President Trump invited Pa legislators to the White House. Then everyone fell silent.

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William Bender, Philadelphia Inquirer, and Angela Couloumbis, Spotlight PA

President Donald Trump called Republican members of the Pennsylvania legislature into the White House on Wednesday after a GOP hearing in Gettysburg in which Trump telephoned to confirm his false claim that he had “won a lot in Pennsylvania”.

But no one wanted to talk about the meeting on Thursday.

The White House made no public statement about the visit, and lawmakers who made their way to Washington listened.

President-elect Joe Biden won the state of Pennsylvania by 80,555 votes and 20 votes, according to Commonwealth Secretary Kathy Boockvar’s statement on Tuesday. The former vice president is ahead of the national referendum by about six million votes. Across the country, election officials found no evidence of widespread fraud, as Trump claimed.

Even with the ongoing Biden transition, the president is making increasingly desperate attempts to invalidate the election, or there are doubts about Biden’s legitimacy as an incoming president.

  • Referring to the victory, Trump wants the Pa legislators to consider a special election; leaders say this is unlikely

On Wednesday, Trump’s attorney, Rudy Giuliani, brought his unfounded case to a hearing convened in Gettysburg by the majority political committee of the entire Republican State Senate.

Giuliani claimed the election was stolen and covered up with the help of “Big Tech”, the news media and the courts. Trump called the hearing, through Jenna Ellis ’attorney’s cell phone, and falsely claimed,“ These elections have been rigged and we can’t let that happen. This choice needs to be reversed because we have won a lot in Pennsylvania and we have won a lot in all these swing states. “

Several Pennsylvania Republican lawmakers were then invited to the White House to meet with Trump. CNN said, citing two sources, that the meeting is expected to take place in the west wing. Republican leaders of the legislature – with a majority in both chambers of the GOP – leaders and spokesmen said they were not particularly present among the participants.

It is unclear what Trump hoped to meet with Pennsylvania lawmakers, especially without the presence of leadership. This was the second time in weeks that the President had brought Republican state lawmakers to the White House in connection with the election; he did the same with Michigan lawmakers on Nov. 20.

Bryan Cutler (R., Lancaster), Speaker of the Pennsylvania House, did not attend the White House meeting Wednesday. Kerry Benninghoff (R., Center), House Majority Leader, Incoming Senate Majority Leader, Kim Ward (R., Westmoreland), or current Senate Majority Leader and incoming Senate President, Pro Tempore, Jake Corman (R., Center).

Benninghoff and Corman have repeatedly said the legislature will not interfere in the outcome of the presidential election, and their spokesmen confirmed this on Wednesday.

The White House did not respond to the discussion or the views of the participants. In 2017, the Trump administration stopped disclosing the names of White House visitors, citing the spokesman’s so-called “serious national security risks and the privacy concerns of hundreds of thousands of visitors each year”.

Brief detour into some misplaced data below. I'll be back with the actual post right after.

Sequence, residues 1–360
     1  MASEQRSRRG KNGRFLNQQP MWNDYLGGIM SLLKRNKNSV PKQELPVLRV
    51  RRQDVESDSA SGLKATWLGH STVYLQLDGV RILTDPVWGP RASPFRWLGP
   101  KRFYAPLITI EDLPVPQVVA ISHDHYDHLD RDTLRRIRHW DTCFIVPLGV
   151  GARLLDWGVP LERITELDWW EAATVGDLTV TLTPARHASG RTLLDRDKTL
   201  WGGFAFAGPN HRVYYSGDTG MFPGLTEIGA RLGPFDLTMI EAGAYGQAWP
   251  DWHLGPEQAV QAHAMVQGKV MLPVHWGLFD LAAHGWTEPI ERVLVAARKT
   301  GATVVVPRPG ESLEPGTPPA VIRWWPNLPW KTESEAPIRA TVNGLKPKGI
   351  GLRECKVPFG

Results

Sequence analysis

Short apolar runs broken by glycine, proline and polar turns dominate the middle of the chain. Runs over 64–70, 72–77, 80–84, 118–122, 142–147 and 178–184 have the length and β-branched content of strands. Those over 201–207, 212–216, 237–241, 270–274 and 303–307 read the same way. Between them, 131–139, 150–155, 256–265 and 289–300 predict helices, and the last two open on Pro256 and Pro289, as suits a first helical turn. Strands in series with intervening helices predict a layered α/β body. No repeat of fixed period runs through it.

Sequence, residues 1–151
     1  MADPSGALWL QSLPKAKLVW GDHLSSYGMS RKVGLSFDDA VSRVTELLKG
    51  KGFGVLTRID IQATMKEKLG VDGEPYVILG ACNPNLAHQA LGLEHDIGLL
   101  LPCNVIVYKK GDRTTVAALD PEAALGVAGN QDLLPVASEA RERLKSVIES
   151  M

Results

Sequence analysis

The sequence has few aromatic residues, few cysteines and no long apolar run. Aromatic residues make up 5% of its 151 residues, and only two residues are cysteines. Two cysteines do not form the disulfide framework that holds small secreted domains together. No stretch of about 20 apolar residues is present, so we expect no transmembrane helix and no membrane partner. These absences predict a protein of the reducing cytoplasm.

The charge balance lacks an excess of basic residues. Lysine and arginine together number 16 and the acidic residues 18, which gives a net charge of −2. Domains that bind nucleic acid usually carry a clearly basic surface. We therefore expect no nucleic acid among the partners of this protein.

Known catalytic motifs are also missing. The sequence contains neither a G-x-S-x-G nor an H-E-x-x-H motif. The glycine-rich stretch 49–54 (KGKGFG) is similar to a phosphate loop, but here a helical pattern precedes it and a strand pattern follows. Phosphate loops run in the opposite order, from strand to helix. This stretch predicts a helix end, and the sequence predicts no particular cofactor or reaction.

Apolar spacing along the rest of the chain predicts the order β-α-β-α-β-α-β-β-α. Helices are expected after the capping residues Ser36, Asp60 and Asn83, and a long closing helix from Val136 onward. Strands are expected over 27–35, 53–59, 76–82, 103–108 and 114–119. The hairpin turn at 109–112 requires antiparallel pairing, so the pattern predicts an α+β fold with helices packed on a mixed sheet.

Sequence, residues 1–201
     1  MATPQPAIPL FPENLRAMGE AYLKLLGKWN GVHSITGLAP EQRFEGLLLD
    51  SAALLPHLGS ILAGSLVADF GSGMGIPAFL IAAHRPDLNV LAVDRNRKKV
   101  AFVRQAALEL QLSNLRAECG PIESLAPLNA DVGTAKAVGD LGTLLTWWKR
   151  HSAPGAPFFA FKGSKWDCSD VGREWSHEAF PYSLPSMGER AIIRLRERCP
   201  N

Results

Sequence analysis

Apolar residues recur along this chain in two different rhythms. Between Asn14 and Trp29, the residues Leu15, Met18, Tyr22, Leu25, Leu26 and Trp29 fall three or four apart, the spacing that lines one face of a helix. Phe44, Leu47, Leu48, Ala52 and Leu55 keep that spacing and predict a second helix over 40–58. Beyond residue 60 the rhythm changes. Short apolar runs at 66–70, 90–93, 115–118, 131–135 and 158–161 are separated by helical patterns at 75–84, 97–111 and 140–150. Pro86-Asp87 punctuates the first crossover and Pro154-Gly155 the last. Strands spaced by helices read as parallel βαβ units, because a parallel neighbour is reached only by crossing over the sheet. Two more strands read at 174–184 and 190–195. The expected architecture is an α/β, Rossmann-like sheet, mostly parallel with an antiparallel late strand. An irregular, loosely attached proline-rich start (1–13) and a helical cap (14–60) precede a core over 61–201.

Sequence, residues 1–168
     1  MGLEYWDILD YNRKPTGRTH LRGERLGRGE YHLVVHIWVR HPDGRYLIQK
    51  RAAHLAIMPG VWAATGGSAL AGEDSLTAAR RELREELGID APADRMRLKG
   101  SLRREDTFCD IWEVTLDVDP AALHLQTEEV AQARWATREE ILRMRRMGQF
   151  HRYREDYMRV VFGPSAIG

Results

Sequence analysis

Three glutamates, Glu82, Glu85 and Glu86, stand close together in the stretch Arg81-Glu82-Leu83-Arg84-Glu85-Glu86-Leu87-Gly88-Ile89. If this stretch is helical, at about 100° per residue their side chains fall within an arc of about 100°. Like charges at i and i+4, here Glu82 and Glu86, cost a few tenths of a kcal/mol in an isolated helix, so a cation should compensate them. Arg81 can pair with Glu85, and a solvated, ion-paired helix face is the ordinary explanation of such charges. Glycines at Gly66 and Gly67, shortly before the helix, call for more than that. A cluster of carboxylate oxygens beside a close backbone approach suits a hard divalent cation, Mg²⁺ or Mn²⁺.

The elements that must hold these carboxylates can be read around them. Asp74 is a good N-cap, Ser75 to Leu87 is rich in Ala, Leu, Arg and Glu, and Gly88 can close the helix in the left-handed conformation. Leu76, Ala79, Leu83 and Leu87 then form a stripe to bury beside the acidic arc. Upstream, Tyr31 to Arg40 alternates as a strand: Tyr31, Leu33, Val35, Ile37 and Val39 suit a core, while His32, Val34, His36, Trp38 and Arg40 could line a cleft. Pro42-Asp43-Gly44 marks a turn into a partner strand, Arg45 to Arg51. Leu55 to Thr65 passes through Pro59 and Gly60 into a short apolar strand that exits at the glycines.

State Senator Doug Mastriano (R., Franklin), one of the most conservative members of the Senate, was among the legislators who went to the White House, legislative sources said. Mastriano played a key role in organizing the Senate Majority Political Committee hearing in Gettysburg. You did not send a comment by phone.

Trump’s meeting with Michigan Republican lawmakers last week was attended by legislative leaders. The president’s allies sought to have the state legislature overturn Biden’s victory and award the state’s 16 voter votes to Trump. After their meeting with Trump, GOP leaders rejected the idea.

“We have not yet been informed of any information that could change the outcome of the Michigan election, and as legislative leaders, we will follow the law and follow the normal process for Michigan voters, as we said during the election,” Mike Shirkey, Senate Majority Leader and Speaker Lee Chatfield said in a joint statement.

In Pennsylvania, State Senator David Argall (R., Schuylkill), chairman of the majority committee, did not respond to a request for an opinion on Thursday. Another 13 members of the committee, as well as state representatives joining the Gettysburg hearing, did not respond to the requests for opinions, or said they did not go to Washington or could not reach them on Thursday.

Despite Pennsylvania election results confirmed on Monday, Trump supporter Mike Kelly (R., Butler) is backing the Commonwealth Court to throw out election results and appoint Republican-controlled legislation to select the state winner . This case is ongoing.

Kelly disputes the legitimacy of the state legislature’s vote to expand this year’s postal vote. The measure required for this was met with broad bipartisan support. Only one Republican voted against him in the House, and none in the Senate opposed it.

So far, Trump has lost 11 of the 12 Pennsylvania lawsuits filed in state and federal courts since election day, and these challenges do not allege or provide evidence of voter fraud.

The interviewer’s co-worker, Jonathan Lai, contributed to this article.

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